So all that matters to me is the quality of the SEO of those top few sites. Those are my only real competitors.

    I'd rather compete with 50,000,000 others of whom the top 5 sites include "nothing special" and "article directory articles" and so on, than compete with 50,000 sites of which the whole of the first page (as can happen) comprises age-old, high-PR authority sites each with hundreds of thousands of backlinks from other high-quality, well-ranked sites, because I've no chance against that.

    In short, I'm competing with about 5 sites, either way, and it makes absolutely no difference to me whether there are 49,995 more sites after them, or 49,999,995 more.

    Just my perspective.
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  • Profile picture of the author Stephen Crooks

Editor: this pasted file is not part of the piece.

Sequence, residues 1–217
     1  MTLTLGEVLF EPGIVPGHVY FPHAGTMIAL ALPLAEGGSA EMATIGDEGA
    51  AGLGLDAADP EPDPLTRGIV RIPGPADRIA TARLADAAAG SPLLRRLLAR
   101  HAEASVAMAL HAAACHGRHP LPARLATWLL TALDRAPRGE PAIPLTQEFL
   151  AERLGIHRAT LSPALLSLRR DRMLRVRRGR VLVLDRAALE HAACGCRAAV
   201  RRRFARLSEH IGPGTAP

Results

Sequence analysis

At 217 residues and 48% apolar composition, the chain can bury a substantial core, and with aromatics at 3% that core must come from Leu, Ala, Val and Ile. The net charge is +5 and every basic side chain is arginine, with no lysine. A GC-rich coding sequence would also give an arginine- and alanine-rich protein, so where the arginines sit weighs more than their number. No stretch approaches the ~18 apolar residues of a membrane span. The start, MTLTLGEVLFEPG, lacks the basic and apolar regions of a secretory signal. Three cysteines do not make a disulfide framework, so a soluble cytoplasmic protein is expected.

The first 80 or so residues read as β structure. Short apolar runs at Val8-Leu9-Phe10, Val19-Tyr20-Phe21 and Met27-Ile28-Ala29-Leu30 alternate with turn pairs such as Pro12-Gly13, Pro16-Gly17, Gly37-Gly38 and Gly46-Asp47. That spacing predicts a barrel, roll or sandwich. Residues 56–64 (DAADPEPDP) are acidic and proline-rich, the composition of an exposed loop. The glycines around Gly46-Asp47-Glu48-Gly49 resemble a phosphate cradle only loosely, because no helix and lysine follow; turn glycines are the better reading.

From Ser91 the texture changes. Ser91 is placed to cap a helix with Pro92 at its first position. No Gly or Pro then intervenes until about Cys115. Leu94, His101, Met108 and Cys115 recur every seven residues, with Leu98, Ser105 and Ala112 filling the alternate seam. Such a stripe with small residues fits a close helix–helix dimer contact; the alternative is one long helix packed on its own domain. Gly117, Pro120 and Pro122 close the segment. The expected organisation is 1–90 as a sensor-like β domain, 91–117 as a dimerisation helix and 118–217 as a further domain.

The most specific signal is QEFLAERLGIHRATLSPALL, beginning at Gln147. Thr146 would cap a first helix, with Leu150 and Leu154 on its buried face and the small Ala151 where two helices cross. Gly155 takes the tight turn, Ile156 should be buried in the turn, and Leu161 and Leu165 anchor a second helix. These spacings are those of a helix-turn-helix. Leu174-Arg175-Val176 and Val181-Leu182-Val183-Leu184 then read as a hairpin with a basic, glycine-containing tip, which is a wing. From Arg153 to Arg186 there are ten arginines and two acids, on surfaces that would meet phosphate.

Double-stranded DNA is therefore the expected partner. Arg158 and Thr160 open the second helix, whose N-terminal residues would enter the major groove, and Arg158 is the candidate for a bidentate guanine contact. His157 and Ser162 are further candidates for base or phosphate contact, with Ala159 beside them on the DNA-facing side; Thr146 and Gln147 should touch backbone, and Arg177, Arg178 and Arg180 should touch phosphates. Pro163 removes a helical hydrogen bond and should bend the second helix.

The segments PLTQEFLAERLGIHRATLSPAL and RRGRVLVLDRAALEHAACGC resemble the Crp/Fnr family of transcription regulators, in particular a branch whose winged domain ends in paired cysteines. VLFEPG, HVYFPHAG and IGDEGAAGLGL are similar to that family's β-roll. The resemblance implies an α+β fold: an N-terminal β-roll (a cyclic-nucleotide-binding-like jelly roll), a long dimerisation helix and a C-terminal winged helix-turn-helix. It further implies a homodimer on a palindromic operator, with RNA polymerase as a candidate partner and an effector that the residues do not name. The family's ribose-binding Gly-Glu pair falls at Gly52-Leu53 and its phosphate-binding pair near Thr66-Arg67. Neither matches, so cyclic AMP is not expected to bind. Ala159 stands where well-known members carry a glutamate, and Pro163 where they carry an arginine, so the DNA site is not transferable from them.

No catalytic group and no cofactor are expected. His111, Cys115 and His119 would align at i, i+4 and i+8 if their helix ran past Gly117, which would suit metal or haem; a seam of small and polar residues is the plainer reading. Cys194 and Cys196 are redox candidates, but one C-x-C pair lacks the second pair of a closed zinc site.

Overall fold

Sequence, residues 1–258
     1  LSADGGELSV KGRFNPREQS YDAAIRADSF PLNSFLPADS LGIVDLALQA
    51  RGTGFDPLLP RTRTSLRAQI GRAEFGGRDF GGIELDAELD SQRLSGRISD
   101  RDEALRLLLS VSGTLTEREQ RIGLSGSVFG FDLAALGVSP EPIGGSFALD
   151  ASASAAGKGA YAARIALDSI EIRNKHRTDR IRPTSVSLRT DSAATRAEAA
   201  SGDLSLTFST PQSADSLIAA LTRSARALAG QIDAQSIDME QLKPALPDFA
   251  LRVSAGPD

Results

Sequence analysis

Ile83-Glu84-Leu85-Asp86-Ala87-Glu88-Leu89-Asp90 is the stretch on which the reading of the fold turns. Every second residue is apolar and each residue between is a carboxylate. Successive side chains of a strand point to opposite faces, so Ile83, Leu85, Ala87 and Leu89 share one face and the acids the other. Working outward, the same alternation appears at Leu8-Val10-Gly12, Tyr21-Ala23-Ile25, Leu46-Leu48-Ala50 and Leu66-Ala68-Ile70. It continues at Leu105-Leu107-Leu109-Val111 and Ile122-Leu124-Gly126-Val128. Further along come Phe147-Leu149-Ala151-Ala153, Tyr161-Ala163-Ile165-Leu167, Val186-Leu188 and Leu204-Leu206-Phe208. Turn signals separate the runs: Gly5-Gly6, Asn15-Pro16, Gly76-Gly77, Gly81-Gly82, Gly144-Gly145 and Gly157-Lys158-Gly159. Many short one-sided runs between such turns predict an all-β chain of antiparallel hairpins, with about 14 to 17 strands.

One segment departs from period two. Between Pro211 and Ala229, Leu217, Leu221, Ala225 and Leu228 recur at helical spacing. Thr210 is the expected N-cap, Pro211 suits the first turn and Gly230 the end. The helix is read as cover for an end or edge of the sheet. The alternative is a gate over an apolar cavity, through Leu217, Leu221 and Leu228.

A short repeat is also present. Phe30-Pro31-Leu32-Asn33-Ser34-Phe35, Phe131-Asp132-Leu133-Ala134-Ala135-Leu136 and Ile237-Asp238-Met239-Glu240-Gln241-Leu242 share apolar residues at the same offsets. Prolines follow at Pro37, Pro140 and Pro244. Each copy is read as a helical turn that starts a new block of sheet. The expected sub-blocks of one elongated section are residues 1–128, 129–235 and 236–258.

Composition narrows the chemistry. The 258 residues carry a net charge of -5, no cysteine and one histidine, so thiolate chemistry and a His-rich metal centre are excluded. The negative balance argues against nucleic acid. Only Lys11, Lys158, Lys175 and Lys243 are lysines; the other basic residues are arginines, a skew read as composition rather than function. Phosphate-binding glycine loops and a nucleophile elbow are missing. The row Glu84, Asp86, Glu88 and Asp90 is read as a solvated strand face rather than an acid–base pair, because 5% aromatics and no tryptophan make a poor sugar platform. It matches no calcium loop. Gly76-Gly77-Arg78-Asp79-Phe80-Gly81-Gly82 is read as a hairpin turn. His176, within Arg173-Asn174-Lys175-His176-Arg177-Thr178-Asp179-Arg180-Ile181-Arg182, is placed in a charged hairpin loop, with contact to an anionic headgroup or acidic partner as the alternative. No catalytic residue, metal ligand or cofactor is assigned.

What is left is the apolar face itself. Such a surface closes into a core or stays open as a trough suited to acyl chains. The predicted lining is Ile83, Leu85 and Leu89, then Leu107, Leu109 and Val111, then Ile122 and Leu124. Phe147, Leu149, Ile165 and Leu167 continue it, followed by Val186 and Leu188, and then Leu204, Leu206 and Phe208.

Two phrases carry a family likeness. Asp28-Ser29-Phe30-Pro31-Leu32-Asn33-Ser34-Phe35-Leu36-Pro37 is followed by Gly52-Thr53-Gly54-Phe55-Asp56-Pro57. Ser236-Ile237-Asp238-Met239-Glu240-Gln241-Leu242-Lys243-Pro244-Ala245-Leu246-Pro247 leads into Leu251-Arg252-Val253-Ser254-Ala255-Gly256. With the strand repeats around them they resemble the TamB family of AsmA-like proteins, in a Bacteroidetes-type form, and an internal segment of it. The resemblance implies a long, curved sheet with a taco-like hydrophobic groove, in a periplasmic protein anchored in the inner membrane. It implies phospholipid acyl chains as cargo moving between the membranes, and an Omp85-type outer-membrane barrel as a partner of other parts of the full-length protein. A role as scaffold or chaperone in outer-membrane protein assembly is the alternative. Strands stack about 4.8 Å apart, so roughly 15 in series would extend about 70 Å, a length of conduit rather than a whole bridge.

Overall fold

First of all you can pretty much ignore whether there are 24,000 or 24 gazillion competing pages for a keyword phrase. It is largely irrelevant and does not tell you anything much about the level of competition. You should simply look at the top 10 on Google for your keyword phrase. In fact, top 3 is even more appropriate.

    As for quotes or no quotes, the best way to describe this is to go back to basics.. People generally search for keywords without quotes, therefore it follows that you should be analyzing the top 3 to 10 pages on Google for your target keyword without quotes. However, you should use quotes to get a realistic search volume associated with your keyword phrase.

    To summarise, use quotes when looking at number of searches and no quotes when analyzing the top 10 pages on Google (your competition)..